In Sports Applications

May 07, 2012

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Considered one of the best young basketball players in the country, this teenager got bigger, faster and stronger through sport-specific CrossFit training. Dan Edelman explains.

The mayhem of March Madness is long over, and if you’re into college hoops, you probably watched the Kentucky Wildcats defeat the Kansas Jayhawks for the NCAA title. Some of you have also probably heard of Shabazz Muhammad.

Muhammad is a senior at Bishop Gorman High School in Las Vegas and has committed to play basketball at UCLA next year. By most accounts, he is considered one of the best high-school basketball players in the country.

What caught the interest of CrossFit Kids HQ was the fact that Muhammad has been CrossFitting since 2010 at CrossFit 702 in Las Vegas under the guidance of box owner Jared Glover.

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7 Comments on “Shabazz Muhammad: Top Basketball Prospect, CrossFitter”

1

wrote …

Great to see CrossFit being used(but not overused) to develop an elite athlete. Shabazz is described by scouts to be one of the most competitive high school athletes they have seen in a long time, and his explosiveness around the rim and ability to finish in traffic has significantly improved over the last year.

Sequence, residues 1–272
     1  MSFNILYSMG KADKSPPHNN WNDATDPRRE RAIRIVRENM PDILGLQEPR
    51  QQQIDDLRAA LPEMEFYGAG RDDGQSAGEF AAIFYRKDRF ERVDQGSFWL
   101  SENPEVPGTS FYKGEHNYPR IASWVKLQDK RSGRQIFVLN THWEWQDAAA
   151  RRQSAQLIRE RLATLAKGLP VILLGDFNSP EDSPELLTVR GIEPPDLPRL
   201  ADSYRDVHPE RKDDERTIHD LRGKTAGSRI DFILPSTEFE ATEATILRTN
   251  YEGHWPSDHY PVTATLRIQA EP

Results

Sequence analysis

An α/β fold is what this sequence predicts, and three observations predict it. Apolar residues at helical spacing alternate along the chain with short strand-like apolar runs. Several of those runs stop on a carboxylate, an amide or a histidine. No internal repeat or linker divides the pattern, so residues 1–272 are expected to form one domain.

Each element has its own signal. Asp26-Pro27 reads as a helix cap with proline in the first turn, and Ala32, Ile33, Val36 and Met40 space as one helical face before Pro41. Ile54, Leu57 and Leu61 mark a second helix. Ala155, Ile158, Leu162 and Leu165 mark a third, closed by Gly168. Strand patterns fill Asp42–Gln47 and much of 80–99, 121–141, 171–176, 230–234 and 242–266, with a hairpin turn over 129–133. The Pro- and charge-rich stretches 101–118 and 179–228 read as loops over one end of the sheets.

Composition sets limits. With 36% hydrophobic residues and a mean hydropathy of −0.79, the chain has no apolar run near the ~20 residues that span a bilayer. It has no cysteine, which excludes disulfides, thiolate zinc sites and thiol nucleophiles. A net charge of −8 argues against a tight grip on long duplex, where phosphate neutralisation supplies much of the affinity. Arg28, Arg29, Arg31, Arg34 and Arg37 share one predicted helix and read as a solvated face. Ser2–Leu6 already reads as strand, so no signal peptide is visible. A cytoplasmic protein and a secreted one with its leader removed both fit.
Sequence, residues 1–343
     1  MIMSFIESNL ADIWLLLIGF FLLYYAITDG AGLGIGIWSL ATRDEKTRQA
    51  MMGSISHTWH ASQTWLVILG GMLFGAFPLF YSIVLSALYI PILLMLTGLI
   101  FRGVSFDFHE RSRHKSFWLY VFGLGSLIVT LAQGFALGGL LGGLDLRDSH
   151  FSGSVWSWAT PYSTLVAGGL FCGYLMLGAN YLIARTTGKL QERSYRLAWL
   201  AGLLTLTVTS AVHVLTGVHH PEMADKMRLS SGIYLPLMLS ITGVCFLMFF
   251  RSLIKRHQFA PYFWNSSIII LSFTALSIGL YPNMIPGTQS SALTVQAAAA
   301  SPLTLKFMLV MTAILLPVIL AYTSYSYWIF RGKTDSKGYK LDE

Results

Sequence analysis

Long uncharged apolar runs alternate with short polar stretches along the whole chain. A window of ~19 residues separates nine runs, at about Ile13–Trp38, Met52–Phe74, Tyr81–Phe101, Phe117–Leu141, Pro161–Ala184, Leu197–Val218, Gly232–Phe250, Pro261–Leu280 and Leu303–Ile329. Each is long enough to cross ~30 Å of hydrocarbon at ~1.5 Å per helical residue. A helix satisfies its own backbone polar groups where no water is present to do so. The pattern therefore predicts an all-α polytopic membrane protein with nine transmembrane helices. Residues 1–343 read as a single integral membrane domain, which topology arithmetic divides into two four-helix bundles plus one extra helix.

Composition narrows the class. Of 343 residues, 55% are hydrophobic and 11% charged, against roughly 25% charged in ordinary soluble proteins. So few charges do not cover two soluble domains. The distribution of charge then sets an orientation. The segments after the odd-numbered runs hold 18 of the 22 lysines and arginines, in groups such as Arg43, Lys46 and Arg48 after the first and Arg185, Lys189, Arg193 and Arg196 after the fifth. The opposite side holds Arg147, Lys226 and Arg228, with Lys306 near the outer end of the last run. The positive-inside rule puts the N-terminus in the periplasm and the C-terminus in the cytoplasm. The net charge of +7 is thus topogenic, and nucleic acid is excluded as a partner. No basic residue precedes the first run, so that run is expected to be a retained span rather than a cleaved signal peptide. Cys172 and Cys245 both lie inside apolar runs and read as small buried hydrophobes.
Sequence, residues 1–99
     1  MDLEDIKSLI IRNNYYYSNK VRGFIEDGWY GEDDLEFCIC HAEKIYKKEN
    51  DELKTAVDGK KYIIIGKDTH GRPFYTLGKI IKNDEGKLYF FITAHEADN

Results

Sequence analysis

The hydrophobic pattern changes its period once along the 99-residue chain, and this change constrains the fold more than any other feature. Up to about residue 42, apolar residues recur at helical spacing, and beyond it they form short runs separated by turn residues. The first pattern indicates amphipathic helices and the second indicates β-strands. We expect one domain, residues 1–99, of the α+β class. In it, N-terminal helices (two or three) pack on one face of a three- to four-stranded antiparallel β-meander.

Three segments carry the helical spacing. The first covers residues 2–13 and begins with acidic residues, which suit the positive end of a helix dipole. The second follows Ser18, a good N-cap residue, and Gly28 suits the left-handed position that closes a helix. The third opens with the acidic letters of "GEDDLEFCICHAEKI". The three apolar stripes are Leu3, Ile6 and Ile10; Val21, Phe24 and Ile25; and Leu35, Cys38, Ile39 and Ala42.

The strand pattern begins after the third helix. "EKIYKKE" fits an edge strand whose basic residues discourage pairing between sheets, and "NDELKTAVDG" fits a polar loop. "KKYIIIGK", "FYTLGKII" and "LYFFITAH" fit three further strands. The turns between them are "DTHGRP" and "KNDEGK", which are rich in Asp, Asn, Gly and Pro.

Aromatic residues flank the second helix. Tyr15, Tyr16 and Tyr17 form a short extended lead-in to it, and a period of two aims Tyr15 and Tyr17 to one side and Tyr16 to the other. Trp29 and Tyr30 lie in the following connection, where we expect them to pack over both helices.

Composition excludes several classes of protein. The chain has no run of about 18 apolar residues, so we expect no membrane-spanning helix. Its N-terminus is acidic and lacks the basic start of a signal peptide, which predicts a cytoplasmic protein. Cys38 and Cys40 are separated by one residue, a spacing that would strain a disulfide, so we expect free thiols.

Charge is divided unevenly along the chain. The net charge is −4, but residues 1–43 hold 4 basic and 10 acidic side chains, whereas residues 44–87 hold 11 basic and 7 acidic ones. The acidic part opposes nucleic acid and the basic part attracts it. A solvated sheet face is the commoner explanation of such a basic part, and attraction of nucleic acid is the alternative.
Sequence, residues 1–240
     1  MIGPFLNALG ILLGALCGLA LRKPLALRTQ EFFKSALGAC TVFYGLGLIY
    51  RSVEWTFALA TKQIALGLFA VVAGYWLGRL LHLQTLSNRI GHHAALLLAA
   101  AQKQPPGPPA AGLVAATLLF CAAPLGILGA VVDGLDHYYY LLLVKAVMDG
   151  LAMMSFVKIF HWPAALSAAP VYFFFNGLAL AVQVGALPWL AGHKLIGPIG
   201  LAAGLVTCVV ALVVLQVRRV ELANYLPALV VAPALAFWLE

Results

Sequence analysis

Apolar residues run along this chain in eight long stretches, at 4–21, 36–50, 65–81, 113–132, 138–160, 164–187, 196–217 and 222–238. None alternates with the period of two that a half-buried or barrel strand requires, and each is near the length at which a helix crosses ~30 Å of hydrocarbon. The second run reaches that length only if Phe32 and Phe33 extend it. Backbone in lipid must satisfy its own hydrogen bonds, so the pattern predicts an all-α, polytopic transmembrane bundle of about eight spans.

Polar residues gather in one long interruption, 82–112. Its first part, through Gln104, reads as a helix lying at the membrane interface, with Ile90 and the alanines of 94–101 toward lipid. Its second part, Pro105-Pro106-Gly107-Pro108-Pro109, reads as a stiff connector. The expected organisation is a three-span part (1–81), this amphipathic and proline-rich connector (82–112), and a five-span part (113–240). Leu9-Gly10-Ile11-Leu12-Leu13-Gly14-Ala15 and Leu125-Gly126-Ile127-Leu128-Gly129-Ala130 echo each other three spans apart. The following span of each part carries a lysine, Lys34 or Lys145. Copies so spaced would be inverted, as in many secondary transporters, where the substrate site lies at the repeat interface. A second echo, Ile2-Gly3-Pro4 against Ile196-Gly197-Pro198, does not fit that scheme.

Congratulations Jared, your doing a great job!

2

Richard Gonzalez wrote …

Dan,

This is a great article. Thank you for highlighting a smart coach taking care of young athletes.

3

wrote …

"Sport specific crossfit", nice way of saying not actually doing crossfit at all.

4

wrote …

Agree with Shane.

This is a story about a great athlete training at a Crossfit gym under a trainer who clearly knows his stuff.

It isn't a story about an athlete using Crossfit necessarily. If that makes sense. Plenty of non Crossfit gyms utilize plyometrics, oly lifts, banded squats and sprints etc., and then finish with some kind of conditioning. This isn't Crossfit it's decades old sport training.

I say big time kudos to Jared for training his client in the way he needs and utilizing proper training and programming to get his clients great results.

5

replied to comment from patrick skinner

Wow, I am completely surprised I had an agreeable comment on here. I expected the kool-aid drinkers to come out in droves calling me a hater. Appreciate the well thought out response.

I do think it's great that Jared is doing so well as a trainer, however, I feel like crossfit is being a little deceptive with this article and title. :/

6

wrote …

Shane and Patrick, you make good points. As a CrossFit Kids trainer, what interested me about this story was the very fact that a young sport-specialized athlete was committed to working his GPP as part of his training. With early sport specialization the trend in youth sports, too often GPP of any kind is neglected to the detriment of the athlete over the long term. At CrossFit Kids HQ, we have many teen clients arrive who dominate on their respective field of play but cannot perform a pull-up, squat, or push-up. We hope to change that, but it’s not the kind of change that occurs over night.